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** Up:** Modeling and migration amplitudes
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The results presented in the preceding subsection are strictly valid in
constant velocity. When velocity varies, the propagation operator
() is not only a constant magnitude phase-shift
multiplication, but also includes an amplitude term
that changes with depth and horizontal location.
Therefore, the integrals in Equation (5) cannot be
interpreted as Fourier transforms anymore.
Clayton and Stolt (1981) show how this issue can be theoretically
side-stepped by datuming the data just above each reflector,
and by approximating the velocity as constant in the imaging interval.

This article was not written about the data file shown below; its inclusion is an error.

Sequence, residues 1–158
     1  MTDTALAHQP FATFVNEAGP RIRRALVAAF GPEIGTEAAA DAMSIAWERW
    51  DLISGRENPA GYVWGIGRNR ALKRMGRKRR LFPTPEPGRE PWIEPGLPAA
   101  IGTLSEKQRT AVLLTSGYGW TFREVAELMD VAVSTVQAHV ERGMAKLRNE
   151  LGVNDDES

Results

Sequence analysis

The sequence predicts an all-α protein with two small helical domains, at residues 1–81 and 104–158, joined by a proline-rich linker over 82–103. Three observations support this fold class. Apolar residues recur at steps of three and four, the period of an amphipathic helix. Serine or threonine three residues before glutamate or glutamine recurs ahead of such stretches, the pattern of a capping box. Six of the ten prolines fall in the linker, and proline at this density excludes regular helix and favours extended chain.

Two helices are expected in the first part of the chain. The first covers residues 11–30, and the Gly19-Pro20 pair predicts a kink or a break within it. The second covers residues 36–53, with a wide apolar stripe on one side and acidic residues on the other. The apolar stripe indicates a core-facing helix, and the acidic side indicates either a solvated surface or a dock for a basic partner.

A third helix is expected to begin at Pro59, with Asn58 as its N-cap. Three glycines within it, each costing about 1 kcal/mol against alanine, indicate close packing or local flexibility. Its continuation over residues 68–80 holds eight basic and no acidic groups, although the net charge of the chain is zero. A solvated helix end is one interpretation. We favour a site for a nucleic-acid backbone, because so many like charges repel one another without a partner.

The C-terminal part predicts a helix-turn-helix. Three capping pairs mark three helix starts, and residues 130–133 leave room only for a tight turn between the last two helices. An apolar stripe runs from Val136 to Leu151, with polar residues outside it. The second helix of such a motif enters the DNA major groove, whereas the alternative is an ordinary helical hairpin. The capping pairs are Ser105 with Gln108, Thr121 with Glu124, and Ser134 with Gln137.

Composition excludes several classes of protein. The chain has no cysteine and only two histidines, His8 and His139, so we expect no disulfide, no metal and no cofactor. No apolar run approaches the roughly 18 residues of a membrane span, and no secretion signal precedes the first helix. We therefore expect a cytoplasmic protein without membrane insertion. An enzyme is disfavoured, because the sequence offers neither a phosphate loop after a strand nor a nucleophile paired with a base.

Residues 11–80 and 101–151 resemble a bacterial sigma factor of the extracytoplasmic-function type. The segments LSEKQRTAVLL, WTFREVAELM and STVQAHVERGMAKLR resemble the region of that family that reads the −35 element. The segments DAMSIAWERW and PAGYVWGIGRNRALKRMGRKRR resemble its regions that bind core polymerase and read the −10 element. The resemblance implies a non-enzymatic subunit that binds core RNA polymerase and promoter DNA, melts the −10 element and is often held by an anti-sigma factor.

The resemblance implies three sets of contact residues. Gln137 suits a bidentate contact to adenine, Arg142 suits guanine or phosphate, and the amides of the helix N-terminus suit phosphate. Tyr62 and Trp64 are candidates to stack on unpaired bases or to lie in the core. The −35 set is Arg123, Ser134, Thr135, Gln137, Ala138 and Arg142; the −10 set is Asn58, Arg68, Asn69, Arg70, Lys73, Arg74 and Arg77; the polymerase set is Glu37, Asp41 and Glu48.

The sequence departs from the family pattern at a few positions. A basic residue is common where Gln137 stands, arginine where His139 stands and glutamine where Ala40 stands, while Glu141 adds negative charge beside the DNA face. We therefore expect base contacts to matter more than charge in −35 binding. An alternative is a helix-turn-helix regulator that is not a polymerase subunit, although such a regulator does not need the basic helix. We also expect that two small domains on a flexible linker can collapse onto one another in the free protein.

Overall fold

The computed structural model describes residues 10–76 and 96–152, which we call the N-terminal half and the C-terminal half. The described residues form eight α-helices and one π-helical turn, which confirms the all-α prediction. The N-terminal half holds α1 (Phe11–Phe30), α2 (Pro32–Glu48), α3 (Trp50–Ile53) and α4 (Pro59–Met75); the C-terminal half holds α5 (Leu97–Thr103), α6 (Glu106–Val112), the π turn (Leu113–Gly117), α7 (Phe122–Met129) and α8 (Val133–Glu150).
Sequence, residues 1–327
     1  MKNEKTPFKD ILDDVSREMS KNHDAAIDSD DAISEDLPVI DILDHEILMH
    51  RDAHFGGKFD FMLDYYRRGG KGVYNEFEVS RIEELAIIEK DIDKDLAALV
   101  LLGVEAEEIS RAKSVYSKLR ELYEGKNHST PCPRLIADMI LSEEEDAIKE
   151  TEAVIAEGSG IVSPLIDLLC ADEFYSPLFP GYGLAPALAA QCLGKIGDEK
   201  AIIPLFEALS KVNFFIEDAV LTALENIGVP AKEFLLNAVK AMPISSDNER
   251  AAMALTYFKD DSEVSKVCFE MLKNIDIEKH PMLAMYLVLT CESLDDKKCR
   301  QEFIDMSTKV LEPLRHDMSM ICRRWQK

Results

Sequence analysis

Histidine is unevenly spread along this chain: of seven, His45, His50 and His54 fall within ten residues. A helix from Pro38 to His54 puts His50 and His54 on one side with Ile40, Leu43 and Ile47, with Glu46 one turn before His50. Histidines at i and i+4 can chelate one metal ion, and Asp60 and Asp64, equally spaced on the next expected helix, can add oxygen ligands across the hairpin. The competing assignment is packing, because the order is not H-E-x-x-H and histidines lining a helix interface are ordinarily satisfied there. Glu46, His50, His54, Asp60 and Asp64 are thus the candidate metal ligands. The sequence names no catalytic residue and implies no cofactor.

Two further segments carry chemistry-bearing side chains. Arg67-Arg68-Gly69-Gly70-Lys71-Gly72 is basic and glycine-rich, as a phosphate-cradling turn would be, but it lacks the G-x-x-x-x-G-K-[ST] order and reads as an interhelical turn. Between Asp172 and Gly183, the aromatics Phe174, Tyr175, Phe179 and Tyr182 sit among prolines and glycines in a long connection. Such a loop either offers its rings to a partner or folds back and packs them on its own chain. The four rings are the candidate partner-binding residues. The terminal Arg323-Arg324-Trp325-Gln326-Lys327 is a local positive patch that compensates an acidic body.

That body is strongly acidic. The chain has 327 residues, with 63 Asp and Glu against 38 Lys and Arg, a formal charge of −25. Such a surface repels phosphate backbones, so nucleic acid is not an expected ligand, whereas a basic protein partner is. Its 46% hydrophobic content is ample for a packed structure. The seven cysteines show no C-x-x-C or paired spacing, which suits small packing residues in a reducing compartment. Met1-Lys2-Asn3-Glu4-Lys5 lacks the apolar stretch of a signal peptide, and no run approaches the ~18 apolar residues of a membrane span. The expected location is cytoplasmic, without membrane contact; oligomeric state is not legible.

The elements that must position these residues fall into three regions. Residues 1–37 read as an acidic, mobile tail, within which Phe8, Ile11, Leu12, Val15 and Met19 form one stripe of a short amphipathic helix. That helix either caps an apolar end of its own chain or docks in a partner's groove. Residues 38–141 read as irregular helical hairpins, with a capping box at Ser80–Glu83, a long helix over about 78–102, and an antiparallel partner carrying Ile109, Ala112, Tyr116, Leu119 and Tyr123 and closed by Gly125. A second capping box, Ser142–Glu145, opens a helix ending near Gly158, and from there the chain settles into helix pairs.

In practice, this issue is taken care of by evaluating
the Jacobian and the reflection operator *G*,
using the local velocity at the imaging location.
When the continuation equation includes the amplitude term (),
Equation (7) becomes

| |
(9) |

Since conventional migration is the adjoint of modeling,
Equation (8) becomes
| |
(10) |

In layered media, the frequency-wavenumber amplitude term of the
continuation operator can be computed using the WKBJ approximation
as a diagonal real operator Clayton and Stolt (1981):

| |
(11) |

where and are the depth wavenumbers associated with source
and receiver.

** Next:** Applications of amplitude-preserved migration
** Up:** Modeling and migration amplitudes
** Previous:** Amplitude correction in constant
Stanford Exploration Project

4/30/2001